The Roman Arena in Pula.
One of the northernmost towns on the Croatian coast, Pula is located on the western edge of the Istrian peninsula, not far from Venice. A star-shaped Renaissance castle crowns the old town. But Pula’s claim to fame is Roman remains.
Nearly 2,000 years after it was built, the Pula Arena is still one of the world’s best-preserved Roman structures. Today, the colossal stadium provides a venue for plays, concerts and Pula’s annual open-air film festival.
Fast-forwarding to the communist era, the intriguing Memo Museum Pula offers a walk through the memory of everyday life in Tito’s Yugoslavia, of which Croatia was once a part. Pula is also the gateway to the islands of Brijuni National Park with its beaches, hiking trails, golf course and safari park.
If you can’t resist the temptation of Dubrovnik, a few things can make your visit easier.
While staying in a short-term rental or small hotel within the city walls may seem like the ultimate in romance (and it is), this often involves hauling your bags up hundreds of stone steps. Meanwhile, those with rental cars will find that the most convenient parking space costs about US$100 per day.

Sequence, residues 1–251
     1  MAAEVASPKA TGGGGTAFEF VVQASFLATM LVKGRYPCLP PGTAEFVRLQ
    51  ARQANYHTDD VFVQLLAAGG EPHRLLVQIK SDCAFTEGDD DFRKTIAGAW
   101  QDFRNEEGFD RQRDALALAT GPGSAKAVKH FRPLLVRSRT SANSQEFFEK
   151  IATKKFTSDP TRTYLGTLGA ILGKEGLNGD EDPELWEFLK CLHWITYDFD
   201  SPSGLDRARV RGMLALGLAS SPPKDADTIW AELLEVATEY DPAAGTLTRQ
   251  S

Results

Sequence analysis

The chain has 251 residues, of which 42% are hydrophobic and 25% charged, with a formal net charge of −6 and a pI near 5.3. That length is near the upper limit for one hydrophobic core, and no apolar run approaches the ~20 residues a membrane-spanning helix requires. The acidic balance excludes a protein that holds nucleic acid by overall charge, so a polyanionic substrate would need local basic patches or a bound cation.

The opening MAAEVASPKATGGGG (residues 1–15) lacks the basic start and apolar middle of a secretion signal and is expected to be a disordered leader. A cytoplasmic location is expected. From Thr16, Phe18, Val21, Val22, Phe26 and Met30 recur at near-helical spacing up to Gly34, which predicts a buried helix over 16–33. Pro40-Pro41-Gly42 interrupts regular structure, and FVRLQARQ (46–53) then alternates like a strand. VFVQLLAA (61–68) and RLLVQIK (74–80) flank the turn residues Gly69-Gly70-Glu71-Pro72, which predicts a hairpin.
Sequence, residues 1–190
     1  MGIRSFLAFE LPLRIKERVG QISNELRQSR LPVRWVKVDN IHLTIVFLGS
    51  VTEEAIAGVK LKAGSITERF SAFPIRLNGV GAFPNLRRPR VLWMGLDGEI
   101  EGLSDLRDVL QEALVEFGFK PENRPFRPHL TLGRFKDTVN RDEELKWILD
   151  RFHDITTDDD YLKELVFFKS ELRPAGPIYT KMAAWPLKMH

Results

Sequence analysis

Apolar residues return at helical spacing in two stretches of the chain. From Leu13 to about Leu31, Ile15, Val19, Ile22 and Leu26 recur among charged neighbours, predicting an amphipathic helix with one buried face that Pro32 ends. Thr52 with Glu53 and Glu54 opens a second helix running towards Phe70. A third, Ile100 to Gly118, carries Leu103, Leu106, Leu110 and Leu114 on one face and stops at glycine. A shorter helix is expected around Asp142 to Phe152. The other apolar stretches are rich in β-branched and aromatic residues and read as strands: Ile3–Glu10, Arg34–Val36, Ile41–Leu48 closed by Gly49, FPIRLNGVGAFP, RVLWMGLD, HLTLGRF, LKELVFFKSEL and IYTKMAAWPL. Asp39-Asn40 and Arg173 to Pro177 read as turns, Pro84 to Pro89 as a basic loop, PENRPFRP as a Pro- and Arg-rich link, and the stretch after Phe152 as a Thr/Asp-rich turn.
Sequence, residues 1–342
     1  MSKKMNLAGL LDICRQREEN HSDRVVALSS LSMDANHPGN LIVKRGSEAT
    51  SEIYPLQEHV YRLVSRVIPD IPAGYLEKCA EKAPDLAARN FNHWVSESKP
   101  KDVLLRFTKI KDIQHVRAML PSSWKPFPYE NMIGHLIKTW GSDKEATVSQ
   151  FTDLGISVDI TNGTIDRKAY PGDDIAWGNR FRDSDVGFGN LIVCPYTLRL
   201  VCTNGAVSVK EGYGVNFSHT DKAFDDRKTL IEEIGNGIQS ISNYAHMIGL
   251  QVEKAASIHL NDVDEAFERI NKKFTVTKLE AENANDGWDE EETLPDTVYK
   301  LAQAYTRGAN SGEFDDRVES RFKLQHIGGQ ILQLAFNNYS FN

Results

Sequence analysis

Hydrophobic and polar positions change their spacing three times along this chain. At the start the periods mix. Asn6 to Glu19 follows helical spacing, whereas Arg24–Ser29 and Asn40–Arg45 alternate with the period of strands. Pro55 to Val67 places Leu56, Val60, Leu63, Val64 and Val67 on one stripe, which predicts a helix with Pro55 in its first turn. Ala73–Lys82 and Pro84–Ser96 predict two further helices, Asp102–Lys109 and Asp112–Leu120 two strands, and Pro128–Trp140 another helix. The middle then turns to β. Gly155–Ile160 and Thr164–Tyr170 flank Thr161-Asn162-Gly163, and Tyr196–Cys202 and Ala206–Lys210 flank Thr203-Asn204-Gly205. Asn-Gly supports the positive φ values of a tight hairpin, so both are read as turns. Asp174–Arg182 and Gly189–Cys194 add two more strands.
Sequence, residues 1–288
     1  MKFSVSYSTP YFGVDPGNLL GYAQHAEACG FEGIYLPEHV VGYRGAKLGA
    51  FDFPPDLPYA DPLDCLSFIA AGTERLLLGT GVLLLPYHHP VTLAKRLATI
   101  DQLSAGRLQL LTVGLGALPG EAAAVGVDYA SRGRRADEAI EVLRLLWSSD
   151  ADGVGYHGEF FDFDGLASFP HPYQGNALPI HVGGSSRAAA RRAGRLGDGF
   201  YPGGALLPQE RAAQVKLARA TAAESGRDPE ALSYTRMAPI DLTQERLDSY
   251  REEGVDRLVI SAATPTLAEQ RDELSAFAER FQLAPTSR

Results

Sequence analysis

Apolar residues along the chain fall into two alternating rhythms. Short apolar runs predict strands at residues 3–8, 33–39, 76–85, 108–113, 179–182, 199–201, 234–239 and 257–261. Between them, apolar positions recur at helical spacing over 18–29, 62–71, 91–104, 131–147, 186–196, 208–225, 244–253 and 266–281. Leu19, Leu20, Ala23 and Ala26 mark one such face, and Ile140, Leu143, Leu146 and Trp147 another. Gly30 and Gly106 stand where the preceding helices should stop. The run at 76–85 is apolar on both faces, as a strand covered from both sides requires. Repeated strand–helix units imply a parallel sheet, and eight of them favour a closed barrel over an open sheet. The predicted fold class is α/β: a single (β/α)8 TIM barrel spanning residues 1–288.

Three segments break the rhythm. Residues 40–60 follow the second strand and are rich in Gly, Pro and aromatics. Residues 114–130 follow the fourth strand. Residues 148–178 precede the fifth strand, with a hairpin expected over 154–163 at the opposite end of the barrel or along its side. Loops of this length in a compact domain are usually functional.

The alternative is to stay just outside the walls at a rental or hotel (like the Hilton Imperial) that offers free parking. Or do you simply not have a vehicle; local bus services are fast, frequent and efficient, as are taxis and shared rides. At less than US$1 per kilometer, Uber fares to the Old Town run around US$8 from the cruise port and US$27 from the international airport.
Given the mild Mediterranean climate of the Dalmatian coast, you don’t need much clothing. So keep your luggage to a minimum, especially if you stay within the walls.
Avoid the heaviest crowds by exploring the old town before and after the daily flood of cruise ship passengers. Walking through the polished limestone streets is especially pleasant at dawn or late at night.
Hire a guide for a walking tour. Not only for the local history and architecture, but also for the lowdown on how Dubrovnik endured the civil war that followed the breakup of Yugoslavia in the 1990s and what life is like today for those who still live within its walls .